The Leased Line modem behaves like a normal modem, and our ordinary manual is valid for them. The only difference (except electric) is that you do not have to give the ATD command to dial, and the as soon as they are turned on. They will succeed if one is configured in ORIGINATE mode and the other in ANSWER mode. (Provided that they are connected by the leased line.)

My modem does not respond in 115200 bps and sometimes not in 57600 bps (but in lower speeds). What is wrong?
When receiving AT-commands, the modem detects the baudrate automatically. In your case, the modem obviously fails doing that. In higher baudrates, the "autobauding" becomes more sensitive to long cables or inaccurate timing of the bits of each character received. We know that some IBM-computers (at least PC 350 and PC 755) have 20% longer startbits than nominal, resulting in autobauding problems.

Do the following:
1. If you have a longer modem cable than a few meters, try a shorter cable.

2. If you still have problems, you may try to update the modem firmware to the latest version. On IX35 and IX36 series, we made an improvement on the autobaud algorithm in November -97. It now works better with the mentioned IBM computers and with longer cables.

3. If this doesn't help, you may try to tune the autobaud timing using S-register 75. Try first to increase the value in steps of ten. If no sign of improvement, decrease it instead. AT&F2 restores it to the default value. If it cures the problem, save it by doing AT&W.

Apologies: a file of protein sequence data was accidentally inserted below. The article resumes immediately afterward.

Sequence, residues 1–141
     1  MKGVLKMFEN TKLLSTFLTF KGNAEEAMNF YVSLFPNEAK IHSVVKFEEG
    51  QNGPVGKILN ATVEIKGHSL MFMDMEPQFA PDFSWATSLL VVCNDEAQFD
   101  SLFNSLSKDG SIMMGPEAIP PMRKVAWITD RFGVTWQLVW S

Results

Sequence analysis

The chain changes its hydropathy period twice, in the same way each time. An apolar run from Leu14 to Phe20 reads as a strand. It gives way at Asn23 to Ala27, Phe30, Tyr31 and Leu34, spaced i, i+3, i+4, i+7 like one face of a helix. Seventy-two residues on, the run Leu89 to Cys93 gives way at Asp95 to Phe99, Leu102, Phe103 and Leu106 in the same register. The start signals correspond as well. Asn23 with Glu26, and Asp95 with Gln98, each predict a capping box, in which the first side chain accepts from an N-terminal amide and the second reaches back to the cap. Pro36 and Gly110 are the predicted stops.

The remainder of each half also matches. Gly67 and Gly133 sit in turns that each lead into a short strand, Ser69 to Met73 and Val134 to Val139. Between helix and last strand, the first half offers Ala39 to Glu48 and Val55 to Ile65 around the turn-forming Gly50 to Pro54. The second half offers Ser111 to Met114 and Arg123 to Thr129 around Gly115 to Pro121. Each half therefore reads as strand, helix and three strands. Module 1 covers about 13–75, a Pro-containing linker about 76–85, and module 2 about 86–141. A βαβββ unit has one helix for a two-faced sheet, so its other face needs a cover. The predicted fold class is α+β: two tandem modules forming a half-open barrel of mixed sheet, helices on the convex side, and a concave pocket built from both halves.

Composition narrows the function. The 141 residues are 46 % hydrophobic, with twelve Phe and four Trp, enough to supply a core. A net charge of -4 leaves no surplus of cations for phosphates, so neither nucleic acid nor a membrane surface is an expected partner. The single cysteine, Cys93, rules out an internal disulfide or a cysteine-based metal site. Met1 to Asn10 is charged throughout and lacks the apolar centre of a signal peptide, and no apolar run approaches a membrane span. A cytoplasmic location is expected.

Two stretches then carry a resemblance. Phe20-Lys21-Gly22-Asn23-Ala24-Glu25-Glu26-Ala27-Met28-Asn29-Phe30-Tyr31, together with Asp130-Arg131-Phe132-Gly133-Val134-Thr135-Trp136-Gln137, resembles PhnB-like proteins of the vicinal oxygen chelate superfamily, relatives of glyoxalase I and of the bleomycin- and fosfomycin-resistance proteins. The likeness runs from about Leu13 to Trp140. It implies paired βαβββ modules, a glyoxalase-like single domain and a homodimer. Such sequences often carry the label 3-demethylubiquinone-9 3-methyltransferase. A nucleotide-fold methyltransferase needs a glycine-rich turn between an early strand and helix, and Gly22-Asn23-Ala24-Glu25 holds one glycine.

4. If nothing of this helps, the cause of the problem is probably not related to timing.

How do I read the CIS in my PCMCIA modem?
AT*AJ reads it from the modem directly.

I have a PCMCIA modem and I change from Windows 95 version A to version B now I only get 2400 connections.
Your modem INF-File " mdmitex.inf " is old. You need to replace it with a new one.

The display shows high speed, but sometimes data transfer is slow.
There is a possibility that internet is slow because of heavy traffic. If you want to check your modem's speed, make a connection to single computer to make sure there is no delay due to heavy traffic.

How do I change back to normal XON/XOFF flow control again?
Change the XON/XOFF characters by: ATS32=17 S33=19 &W

How do I enable ENQ/ACK flow control?
Change the XON/XOFF characters by: ATS32=5 S33=6 &W

I do not get connections at highest speed (like 33600 or 56000).
This is generally due to non perfect line quality. The modem haslowered the speed to avoid too much errors in the transmission. (Errors are handled by sending data again, which often would lower your actual transfer speed even more.)
If you still insist, try the AT%S2 command (more info in your manual). It will give you a little more aggressive speed selection.